Cain and Abel

Text: Genesis 4:1-26

Study Questions:

  1. Read the story. Take time to familiarize yourselves with the text. Share your first impressions. What do you find particularly interesting/noteworthy? What questions do you have regarding the text?
  2. Read verses 1-5. What strategy did the snake pursue in tempting the woman? In what ways is this strategy characteristic for every temptation we encounter? How did the woman react? What should/could she have done differently? What lessons can you take away from these verses for your own struggle with the snake?
  3. Why did the snake tempt the woman rather than the man? What was the woman’s role? What does this reveal about the snake’s character and tactics?
  4. Read verses 6-7. Where have we encountered the combination of seeing and evaluating before? Why would the author allude to these verses at this point in the story? What are the immediate effects of her sin? Where do you recognize these effects in your own life? How does sin make us recognize our nakedness? How do they try to solve the sin problem? Compare their covering to God’s covering in 2:21. How do these coverings symbolize two ways of salvation?
  5. Read verses 8-13. What approach does God adopt here? Compare his strategy to that of the snake. What similarities are there? What differences? What do these verses reveal about God’s character? What impact does sin have on human relationships? Compare 3:8-13 with 2:23.
  6. Read verses 14-19. Why these particular consequences/punishments? In what ways are the judgments on man and woman blessings in disguise?
  7. Where do you find the theme of salvation in this story? Where do you find Jesus?

Infos about the text

Keywords and -phrases

  • Cain (15x)
  • bear/father (11x)
  • The LORD (10x)
  • Abel (8x)
  • Brother (8x)
  • Name (7x)
  • Woman/wife (6x)



  • ground (6x)
  • slay (5x)
  • face (5x)
  • know (4x)
  • offering (3x)
  • son (3x)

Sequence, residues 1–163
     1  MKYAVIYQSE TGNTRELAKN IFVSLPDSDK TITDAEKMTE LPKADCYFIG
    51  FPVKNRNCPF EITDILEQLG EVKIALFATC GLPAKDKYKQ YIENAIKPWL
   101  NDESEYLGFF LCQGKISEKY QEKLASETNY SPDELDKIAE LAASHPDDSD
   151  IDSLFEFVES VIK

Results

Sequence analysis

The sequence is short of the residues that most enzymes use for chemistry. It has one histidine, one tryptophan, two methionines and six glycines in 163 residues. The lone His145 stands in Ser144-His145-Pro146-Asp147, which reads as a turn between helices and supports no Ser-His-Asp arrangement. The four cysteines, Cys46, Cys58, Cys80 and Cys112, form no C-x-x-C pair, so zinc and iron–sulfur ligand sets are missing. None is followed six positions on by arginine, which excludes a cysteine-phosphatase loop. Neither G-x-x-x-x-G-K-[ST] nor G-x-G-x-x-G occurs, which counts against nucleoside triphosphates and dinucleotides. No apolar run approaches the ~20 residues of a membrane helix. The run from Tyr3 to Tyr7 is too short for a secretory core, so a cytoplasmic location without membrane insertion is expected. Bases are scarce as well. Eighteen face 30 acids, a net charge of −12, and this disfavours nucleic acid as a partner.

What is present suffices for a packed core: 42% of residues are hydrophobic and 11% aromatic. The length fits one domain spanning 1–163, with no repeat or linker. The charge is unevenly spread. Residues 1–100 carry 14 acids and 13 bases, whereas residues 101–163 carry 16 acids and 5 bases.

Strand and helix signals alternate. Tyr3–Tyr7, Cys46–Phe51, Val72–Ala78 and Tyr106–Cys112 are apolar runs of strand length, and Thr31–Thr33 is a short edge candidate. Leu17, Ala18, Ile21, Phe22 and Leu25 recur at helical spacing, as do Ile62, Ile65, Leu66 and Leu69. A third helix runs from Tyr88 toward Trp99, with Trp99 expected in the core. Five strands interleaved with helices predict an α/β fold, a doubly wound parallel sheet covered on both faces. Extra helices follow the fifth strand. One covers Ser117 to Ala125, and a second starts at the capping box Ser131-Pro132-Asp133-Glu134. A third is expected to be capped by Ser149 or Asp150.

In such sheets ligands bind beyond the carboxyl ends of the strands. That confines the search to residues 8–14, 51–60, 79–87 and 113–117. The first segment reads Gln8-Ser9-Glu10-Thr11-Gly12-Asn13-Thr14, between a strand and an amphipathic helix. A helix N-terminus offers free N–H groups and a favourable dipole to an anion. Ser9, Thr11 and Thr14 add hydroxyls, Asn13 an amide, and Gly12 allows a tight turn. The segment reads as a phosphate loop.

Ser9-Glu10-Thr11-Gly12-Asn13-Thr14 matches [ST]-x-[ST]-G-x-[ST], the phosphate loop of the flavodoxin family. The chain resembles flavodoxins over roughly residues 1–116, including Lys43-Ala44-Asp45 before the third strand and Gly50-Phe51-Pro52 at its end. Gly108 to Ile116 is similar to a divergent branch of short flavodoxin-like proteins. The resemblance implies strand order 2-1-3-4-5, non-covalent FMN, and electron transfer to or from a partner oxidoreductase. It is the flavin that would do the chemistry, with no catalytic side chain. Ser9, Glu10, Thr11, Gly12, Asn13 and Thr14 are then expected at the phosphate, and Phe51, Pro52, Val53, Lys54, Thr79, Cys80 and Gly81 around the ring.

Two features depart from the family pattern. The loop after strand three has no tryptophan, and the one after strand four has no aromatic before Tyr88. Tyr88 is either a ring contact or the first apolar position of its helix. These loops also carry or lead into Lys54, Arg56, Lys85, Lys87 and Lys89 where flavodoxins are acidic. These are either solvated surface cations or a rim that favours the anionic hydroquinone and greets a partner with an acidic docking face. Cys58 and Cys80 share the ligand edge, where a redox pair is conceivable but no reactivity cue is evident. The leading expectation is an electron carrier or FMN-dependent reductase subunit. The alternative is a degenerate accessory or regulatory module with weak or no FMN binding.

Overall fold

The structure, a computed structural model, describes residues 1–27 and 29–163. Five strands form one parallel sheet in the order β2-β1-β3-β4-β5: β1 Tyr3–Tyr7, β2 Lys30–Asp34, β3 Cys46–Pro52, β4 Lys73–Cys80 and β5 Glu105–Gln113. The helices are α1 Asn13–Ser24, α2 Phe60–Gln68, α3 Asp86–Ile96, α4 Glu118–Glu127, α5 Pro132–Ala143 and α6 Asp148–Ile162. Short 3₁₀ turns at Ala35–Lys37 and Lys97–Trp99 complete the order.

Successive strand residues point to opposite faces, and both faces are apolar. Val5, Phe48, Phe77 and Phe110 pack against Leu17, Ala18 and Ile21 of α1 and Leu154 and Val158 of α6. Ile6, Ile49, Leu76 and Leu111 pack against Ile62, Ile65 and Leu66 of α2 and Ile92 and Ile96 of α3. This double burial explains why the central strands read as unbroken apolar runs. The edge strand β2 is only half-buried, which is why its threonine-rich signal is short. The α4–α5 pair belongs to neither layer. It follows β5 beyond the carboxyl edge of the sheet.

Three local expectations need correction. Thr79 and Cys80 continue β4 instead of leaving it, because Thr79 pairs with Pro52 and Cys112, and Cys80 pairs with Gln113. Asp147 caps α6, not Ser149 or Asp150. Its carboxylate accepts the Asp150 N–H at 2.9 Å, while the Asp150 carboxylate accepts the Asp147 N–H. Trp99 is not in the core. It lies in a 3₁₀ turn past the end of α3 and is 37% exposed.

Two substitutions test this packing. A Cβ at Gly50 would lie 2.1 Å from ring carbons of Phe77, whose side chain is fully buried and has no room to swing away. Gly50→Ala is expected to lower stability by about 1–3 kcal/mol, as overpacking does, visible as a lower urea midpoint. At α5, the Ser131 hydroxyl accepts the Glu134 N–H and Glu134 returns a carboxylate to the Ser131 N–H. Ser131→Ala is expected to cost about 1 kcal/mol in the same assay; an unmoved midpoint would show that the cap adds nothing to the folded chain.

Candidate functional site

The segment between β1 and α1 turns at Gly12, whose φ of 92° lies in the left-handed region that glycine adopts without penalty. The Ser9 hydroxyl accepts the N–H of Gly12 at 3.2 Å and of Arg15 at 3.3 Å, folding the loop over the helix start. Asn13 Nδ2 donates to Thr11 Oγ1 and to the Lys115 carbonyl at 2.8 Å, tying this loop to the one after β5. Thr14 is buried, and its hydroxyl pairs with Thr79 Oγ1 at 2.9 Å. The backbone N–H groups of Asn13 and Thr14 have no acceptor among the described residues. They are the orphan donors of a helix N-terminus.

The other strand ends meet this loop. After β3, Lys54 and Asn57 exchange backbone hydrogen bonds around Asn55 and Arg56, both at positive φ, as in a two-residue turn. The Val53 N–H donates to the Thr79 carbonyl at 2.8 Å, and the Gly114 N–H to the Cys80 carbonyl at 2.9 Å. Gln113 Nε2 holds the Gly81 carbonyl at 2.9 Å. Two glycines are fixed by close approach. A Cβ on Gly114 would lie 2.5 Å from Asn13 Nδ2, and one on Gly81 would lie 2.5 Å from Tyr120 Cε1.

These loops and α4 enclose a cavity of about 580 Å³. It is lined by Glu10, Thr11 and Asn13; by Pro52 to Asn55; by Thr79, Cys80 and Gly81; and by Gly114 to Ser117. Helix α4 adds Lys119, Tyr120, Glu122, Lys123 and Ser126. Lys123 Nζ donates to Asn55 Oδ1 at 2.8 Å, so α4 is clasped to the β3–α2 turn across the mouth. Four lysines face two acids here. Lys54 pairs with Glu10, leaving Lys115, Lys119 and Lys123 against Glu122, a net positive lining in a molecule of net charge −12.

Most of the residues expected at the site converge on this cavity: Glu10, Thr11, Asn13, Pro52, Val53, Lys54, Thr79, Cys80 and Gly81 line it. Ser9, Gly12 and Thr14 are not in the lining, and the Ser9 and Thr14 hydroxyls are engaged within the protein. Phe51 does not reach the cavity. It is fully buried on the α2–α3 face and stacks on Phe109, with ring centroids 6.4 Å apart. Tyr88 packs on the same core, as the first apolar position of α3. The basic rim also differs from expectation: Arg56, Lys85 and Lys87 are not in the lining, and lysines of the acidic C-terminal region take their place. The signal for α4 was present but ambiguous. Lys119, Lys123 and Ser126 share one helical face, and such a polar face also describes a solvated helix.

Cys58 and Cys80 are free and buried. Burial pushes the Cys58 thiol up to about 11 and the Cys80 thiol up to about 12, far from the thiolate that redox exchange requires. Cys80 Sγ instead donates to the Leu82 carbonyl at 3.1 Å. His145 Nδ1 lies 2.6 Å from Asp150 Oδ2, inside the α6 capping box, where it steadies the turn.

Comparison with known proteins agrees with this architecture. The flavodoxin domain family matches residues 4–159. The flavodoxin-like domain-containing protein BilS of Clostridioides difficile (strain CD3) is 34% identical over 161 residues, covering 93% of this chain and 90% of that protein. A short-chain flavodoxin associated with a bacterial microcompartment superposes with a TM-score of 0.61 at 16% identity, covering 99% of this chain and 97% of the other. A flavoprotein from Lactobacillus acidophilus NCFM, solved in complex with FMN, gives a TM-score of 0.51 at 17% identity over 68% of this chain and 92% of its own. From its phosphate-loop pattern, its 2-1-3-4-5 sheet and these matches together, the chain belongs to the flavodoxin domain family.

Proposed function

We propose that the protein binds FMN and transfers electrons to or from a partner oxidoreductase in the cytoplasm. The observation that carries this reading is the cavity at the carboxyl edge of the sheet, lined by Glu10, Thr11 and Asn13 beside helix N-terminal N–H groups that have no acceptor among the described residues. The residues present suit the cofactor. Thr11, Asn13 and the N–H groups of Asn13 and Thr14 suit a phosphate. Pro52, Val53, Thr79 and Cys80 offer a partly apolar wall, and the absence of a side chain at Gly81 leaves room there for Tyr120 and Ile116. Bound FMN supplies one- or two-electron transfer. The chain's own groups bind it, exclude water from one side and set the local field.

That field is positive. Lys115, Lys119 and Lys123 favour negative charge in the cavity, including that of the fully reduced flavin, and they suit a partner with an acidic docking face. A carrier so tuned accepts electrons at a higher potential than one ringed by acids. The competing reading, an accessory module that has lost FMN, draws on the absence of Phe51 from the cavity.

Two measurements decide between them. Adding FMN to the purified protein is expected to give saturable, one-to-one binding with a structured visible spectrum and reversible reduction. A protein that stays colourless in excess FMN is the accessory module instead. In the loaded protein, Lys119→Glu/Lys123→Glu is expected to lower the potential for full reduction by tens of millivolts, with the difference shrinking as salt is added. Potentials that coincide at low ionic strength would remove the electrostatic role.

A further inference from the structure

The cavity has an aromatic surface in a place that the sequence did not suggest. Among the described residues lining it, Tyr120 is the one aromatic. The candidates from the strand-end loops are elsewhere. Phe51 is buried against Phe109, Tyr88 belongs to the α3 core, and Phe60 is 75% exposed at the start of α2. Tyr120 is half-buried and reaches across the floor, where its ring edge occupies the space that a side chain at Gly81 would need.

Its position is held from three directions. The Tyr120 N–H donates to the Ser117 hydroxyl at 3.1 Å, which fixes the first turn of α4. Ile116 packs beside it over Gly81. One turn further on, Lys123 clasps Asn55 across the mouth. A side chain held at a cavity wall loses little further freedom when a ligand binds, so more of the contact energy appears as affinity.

• become pregnant (2x)


 A Birth of sons, Eve speaks, brothers, occupations (4:1-2)

    B Cain and Abel bring offerings to the Lord (4:3-5)

       C Dialogue: The Lord and Cain (4:6-7)

          X Cain murders his brother Abel (4:8)

       C’ Dialogue: The Lord and Cain (4:9-15)

    B’ Cain departs from the Lord (4:16)

A’ Birth of sons, Eve speaks, brothers, occupations (4:17-26)


Genesis 2:4 – 3:24 and Genesis 5:1-32

Terminological connections to 2:4 – 3:24

The Lord, man, woman, ground, know, bear/father, what have you done!, cursed, face

Terminological connections to 5:1-32

gave him the name, father, son, Adam, Seth, Enosh, YHWH

Thematic connections to 2:4 – 3:24

Similar progression – sin, God speaks, reaction of man, curse, driven away, eat mentioned

The number seven

Note that the number seven occcurs three times in connection with both Lamechs. This once again highlights the contrast between the two men. In Gen 4:24 the numbers 7 and 77 are associated with revenge and death. In Gen 5:31 the number 777 is associated with life.

Intertextual Connections (selection)

Conflict between brothers (in Genesis)

  • Abram and Lot (Gen 13)
  • Ishmael and Isaac (Gen 21)
  • Esau and Jacob (Gen 25ff)
  • Joseph and his brothers (Gen 37ff)


Matthew 5:21-26 – connections: brother, be angry, kill, bringing gift to altar


Matthew 18:21-22 – connections: brother, seven times, seventy times seven

Jesus in the text (selection)

For you have not come to a mountain that can be touched and to a blazing fire, and to darkness and gloom and whirlwind, and to the blast of a trumpet and the sound of words, which sound was such that those who heard begged that no further word be spoken to them. For they could not cope with the command, “If even an animal touches the mountain, it shall be stoned.” And so terrible was the sight, that Moses said, “I am terrified and trembling.” But you have come to Mount Zion and to the city of the living God, the heavenly Jerusalem, and to myriads of angels, to the general assembly and church of the firstborn who are enrolled in heaven, and to God, the Judge of all, and to the spirits of the righteous made perfect, and to Jesus, the mediator of a new covenant, and to the sprinkled blood, which speaks better than the blood of Abel. (Hebr 12:18-24)

“I am the good shepherd; the good shepherd lays down His life for the sheep. (John 10:11)